The move to TV didn’t end Borgnine’s film career. He went on to play tough-guy roles in such movies as “The Dirty Dozen,” “Ice Station Zebra,” “The Poseidon Adventure,” and perhaps his greatest performance after “Marty,” in Sam Peckinpah’s end-of-the-west classic, 
“The Wild Bunch.”

Starring alongside a cast that included William Holden, Robert Ryan, Warren Oates, Ben Johnson and Edmund O’Brien, Borgnine drew on both his comedic talents and his tough-guy pedigree in Peckinpah’s violent yet elegiac and tender portrayal of a group of aging outlaws pursuing one last big score, knowing that their way of life is ending.

Borgnine continued acting, mostly in supporting roles, on TV and in movies nearly until his death. Youngsters who might not know his face would still know his distinctive voice from his role as Mermaid Man on “SpongeBob SquarePants.” He was also the oldest actor ever nominated for a Golden Globe and received the lifetime-achievement award from the Screen Actors Guild in 2011.

“I keep telling myself, ‘Damn it, you gotta go to work,”‘ Borgnine said in a 2007 interview with The Associated Press. “But there aren’t many people who want to put Borgnine to work these days. They keep asking, ‘Is he still alive?”

Jeff Robinov Close to Deal With Investors Worth Up to $300M

by Clifford Coonan, Kim Masters
Chinese conglomerate Fosun will provide the bulk of financing while Huayi Brothers may also invest in the former Warner Bros. executive's Studio 8, which will distribute its films through Sony.

Former Warner Brothers executive Jeff Robinov is closing in on a deal to raise as much as $250 million from Chinese investors, and an announcement could come as soon as next week, according to individuals with knowledge of the situation.

Sources maintain that Chinese conglomerate Fosun will invest as much as $200 million, and Huayi Brothers, previously said to be the lead investor, may remain involved with a $50 million commitment. Sony Pictures could inject an additional $50 million, giving Robinov $300 million.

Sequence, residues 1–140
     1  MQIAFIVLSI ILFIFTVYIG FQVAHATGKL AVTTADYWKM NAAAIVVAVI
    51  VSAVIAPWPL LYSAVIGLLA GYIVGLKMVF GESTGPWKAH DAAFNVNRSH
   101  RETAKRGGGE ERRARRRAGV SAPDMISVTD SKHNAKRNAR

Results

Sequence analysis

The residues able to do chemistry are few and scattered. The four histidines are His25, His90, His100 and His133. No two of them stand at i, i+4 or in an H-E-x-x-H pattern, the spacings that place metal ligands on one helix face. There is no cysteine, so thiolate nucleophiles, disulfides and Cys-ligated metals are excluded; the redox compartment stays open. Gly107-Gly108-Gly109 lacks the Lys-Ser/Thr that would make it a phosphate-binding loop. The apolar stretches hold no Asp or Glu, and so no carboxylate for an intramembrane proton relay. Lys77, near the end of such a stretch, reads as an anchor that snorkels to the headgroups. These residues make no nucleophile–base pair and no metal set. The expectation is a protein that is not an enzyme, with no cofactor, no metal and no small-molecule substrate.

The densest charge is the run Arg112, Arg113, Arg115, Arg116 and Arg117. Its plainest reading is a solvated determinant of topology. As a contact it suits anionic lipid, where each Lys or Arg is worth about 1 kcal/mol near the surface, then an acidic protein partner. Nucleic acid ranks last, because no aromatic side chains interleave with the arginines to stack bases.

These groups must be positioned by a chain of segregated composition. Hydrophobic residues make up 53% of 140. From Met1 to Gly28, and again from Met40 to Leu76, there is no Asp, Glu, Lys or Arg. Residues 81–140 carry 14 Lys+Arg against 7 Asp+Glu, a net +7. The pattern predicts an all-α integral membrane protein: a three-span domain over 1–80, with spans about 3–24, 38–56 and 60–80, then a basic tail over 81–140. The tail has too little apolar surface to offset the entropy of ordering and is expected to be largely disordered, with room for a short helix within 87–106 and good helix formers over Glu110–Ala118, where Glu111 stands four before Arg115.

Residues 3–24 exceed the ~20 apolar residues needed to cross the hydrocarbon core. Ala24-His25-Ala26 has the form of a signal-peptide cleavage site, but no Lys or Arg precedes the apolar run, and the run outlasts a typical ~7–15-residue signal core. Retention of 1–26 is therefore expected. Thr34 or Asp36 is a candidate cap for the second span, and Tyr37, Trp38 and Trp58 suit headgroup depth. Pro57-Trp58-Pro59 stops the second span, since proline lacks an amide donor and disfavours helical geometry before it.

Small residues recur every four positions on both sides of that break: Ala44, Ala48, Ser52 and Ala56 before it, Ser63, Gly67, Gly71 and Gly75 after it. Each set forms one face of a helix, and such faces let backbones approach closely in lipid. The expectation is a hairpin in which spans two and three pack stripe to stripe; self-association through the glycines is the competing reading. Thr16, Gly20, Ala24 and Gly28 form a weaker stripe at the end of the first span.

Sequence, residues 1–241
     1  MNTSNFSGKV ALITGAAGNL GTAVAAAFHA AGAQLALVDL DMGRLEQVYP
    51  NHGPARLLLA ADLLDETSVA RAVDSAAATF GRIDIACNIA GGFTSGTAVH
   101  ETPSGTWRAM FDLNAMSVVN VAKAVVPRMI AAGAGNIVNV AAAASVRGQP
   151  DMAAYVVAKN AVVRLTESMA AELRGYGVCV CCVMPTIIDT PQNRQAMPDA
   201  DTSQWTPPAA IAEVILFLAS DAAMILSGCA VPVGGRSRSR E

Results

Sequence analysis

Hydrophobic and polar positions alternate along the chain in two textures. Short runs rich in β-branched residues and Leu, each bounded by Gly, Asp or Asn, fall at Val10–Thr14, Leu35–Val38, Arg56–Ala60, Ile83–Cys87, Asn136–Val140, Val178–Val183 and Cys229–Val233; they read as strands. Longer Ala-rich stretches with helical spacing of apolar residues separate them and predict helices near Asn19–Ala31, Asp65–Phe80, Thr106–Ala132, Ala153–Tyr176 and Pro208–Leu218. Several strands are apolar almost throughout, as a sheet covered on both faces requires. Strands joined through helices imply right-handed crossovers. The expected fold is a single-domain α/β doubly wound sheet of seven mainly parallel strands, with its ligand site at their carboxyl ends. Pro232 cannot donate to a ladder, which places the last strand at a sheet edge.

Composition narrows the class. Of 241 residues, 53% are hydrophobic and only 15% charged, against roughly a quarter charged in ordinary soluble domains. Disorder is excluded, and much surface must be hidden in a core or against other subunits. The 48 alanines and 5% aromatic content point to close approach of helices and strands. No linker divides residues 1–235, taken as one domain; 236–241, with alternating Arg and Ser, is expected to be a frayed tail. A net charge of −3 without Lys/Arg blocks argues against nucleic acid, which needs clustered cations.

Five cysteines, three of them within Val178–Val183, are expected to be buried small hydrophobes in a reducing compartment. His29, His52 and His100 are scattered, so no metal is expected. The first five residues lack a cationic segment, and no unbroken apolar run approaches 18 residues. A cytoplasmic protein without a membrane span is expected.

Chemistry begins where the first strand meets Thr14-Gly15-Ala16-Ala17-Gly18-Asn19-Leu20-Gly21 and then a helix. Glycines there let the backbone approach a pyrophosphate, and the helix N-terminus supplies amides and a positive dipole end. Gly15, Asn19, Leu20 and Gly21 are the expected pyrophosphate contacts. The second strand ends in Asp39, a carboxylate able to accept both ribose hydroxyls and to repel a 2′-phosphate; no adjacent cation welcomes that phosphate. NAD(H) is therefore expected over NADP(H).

One source says Robinov has been offered more than the $300 million in equity that he was seeking. He is said to be assembling that amount in various increments from interested parties. In addition to Chinese companies, he also is in talks with potential European investors and strategic partners.

"Jeff is trying to build a real production company, not just a slate of films, similar to what Legendary or Skydance have done," said a source attending the Shanghai International Film Festival.

Robinov has declined to comment on ongoing negotiations due to the fluidity and complexity of such deals.
The original Huayi deal would have injected up to $150 million into Robinov's Studio 8, which would have been one of the biggest China-Hollywood team-ups so far.
Robinov has also had talks with the e-commerce company Alibaba, which is about to go public in the biggest tech listing ever and is keen to expand its involvement in the film business. There have also been discussions with the L.A.- and Beijing-based production company DMG and the Chinese distribution and production outfit Bona.
An announcement that a deal was done had been widely expected at Cannes.